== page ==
U.S. markets and stock exchange traded funds slipped today after Washington said it is considering further sanctions on Chinese companies and the Federal Reserve’s latest meeting showed it will leave interest rates where they are, dashing hopes of a potential rate cut later this year.
The Trump administration said it was considering sanctions on video surveillance firm Hikvision, the second major Chinese technology company facing U.S. scrutiny, Reuters reports. Last week, Washington put China’s telecoms equipment maker Huawei Technologies on a trade blacklist.
“It doesn’t sound like talks are going to restart anytime soon, so we’ll have to wait until the G20 summit in late June,” Ryan Nauman, market strategist at Informa Financial Intelligence, told Reuters. “It is hard to trade when there is so much uncertainty and confusion out there.”
Further dragging on the technology segment, a federal judge ruled that Qualcomm Inc illegally suppressed competition for smartphone chips by threatening to withhold supplies and draw out excessive fees.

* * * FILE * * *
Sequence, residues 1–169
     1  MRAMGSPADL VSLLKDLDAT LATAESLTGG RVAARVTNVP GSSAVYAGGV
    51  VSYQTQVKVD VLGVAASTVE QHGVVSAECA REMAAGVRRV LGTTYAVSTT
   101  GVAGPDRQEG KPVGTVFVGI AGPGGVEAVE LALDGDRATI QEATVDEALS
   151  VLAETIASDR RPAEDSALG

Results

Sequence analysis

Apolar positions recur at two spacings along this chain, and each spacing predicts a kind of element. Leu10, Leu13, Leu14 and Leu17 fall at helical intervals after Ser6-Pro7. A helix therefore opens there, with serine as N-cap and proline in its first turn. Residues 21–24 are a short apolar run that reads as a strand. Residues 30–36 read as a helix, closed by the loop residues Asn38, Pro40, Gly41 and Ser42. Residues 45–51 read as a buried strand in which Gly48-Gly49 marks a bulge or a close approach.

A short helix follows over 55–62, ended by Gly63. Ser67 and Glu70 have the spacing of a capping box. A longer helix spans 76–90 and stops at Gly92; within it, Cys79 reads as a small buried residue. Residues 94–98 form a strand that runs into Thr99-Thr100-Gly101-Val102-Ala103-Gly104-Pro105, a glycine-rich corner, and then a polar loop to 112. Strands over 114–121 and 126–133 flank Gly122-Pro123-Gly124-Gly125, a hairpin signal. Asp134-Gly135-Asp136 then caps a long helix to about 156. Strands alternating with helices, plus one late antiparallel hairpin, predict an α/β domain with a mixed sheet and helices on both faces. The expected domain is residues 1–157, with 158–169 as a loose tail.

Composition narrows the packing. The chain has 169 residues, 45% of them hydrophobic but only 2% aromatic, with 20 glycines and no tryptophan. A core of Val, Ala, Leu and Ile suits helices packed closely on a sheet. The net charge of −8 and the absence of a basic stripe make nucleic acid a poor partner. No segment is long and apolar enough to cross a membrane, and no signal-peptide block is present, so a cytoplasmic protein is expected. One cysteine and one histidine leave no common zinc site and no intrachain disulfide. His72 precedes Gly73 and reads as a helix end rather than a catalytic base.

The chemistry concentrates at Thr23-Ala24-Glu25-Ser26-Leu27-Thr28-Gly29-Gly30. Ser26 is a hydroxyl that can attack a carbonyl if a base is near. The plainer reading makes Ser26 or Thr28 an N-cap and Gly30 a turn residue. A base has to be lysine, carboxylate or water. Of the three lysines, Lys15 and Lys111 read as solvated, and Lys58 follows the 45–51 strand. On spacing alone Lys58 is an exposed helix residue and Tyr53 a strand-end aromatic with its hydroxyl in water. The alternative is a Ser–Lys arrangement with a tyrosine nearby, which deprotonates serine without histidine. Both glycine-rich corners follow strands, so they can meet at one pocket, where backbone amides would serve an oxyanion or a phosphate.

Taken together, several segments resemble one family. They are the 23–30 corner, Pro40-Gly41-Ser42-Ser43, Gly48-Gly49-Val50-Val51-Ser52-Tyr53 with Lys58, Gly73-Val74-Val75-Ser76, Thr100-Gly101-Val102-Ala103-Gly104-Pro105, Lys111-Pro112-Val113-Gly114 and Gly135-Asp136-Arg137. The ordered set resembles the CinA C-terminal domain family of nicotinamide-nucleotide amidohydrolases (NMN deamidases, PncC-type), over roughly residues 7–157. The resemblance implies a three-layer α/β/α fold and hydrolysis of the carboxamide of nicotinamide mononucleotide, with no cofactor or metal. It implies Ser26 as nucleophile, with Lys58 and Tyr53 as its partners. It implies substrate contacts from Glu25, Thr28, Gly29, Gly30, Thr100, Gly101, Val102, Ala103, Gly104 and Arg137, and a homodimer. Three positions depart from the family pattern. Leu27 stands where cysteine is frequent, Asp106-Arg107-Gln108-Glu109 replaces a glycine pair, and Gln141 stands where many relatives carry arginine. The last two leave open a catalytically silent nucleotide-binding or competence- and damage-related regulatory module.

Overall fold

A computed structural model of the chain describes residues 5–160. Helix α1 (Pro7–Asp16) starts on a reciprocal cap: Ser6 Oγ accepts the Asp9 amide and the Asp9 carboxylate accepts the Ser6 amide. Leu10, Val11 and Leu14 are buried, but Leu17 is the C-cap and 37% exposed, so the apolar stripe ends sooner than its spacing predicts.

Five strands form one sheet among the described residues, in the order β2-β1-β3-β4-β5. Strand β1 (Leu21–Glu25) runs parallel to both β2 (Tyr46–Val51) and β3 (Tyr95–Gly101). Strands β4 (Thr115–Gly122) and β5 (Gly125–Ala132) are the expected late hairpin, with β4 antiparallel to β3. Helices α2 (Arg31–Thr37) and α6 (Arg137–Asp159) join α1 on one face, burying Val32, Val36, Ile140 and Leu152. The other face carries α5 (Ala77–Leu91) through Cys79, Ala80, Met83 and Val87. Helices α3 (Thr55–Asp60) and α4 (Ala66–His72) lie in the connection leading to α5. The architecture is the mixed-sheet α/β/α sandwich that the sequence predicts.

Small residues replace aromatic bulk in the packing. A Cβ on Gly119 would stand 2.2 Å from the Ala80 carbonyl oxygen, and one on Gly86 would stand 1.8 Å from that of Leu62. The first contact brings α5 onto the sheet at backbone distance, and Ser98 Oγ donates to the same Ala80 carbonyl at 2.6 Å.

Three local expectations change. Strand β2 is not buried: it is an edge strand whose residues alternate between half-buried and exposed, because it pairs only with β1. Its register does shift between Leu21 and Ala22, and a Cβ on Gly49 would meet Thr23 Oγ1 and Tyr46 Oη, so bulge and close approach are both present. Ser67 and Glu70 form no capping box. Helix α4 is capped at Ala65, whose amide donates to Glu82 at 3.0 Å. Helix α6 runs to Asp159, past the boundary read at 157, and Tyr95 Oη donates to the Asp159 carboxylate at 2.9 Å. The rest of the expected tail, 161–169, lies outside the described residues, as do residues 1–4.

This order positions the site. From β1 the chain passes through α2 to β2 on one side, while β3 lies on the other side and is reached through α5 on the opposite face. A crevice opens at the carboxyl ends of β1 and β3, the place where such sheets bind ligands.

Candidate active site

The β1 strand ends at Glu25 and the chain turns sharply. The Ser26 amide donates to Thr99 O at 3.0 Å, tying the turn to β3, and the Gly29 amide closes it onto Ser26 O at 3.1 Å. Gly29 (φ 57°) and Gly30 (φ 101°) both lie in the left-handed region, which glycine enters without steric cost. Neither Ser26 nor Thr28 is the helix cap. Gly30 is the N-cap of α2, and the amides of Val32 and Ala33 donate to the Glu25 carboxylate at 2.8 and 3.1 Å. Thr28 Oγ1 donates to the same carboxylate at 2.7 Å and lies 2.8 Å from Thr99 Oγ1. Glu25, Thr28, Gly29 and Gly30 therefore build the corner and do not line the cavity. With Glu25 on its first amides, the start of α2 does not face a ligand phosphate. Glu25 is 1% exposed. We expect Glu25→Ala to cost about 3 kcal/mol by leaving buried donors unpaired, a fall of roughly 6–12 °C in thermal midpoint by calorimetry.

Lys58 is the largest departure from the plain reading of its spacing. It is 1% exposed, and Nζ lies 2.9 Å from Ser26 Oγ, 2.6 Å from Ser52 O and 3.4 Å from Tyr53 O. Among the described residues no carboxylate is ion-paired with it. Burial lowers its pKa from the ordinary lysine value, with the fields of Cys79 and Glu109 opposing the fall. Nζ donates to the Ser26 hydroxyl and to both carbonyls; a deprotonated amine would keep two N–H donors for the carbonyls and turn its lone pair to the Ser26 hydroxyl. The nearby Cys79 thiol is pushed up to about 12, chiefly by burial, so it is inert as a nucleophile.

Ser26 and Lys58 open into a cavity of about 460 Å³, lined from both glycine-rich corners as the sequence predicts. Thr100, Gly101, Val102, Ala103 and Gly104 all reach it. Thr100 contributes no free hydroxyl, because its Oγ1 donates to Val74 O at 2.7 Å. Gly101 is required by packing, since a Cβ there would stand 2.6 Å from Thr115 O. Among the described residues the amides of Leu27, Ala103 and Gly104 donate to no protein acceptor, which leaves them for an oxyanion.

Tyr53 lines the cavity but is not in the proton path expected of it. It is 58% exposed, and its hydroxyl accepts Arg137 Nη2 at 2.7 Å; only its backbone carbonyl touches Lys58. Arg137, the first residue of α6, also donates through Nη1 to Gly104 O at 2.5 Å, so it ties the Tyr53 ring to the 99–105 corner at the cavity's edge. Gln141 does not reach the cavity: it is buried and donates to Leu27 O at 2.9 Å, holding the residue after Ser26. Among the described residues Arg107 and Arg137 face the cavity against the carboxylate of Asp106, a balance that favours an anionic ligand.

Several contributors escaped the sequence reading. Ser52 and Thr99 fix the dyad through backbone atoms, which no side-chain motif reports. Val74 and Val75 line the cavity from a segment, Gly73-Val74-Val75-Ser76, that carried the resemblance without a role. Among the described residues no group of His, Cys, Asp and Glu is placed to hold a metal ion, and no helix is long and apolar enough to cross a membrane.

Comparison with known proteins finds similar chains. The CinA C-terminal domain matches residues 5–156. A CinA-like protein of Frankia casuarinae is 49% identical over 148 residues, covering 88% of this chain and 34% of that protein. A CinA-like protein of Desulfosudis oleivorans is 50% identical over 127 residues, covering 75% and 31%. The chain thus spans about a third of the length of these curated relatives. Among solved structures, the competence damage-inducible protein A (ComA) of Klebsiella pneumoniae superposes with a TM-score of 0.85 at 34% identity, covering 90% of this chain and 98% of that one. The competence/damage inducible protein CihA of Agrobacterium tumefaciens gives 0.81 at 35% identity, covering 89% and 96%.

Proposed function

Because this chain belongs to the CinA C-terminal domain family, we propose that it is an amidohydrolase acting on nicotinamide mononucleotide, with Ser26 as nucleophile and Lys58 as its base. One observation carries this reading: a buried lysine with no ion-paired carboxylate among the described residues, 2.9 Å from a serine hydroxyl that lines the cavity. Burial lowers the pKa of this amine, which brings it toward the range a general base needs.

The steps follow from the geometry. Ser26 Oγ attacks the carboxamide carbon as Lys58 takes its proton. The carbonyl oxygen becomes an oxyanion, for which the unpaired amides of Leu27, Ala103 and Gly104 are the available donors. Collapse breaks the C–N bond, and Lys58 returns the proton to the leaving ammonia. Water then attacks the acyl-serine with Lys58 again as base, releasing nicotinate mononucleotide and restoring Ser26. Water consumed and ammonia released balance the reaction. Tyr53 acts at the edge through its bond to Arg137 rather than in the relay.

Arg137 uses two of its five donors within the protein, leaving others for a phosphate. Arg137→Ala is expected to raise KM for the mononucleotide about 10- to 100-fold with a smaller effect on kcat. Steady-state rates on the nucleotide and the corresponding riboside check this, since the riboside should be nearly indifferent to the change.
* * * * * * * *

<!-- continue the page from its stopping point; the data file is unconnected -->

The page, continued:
Additionally, market traders were disappointed with the latest Federal Reserve minutes that revealed officials were content with keeping interest rates at where they are now. Some analysts have lifted bets the Fed would cut rates by the end of 2019 amid tepid price pressures and heightened trade tensions, the Wall Street Journal reports.
New York Fed President John Williams stated that there is currently no strong argument for changing the Federal Reserve’s interest rate policy, including as a response to low inflation readings that may be attributed to temporary factors. The Fed has set a 2% inflation target, but inflation levels have remain stubbornly below the target.
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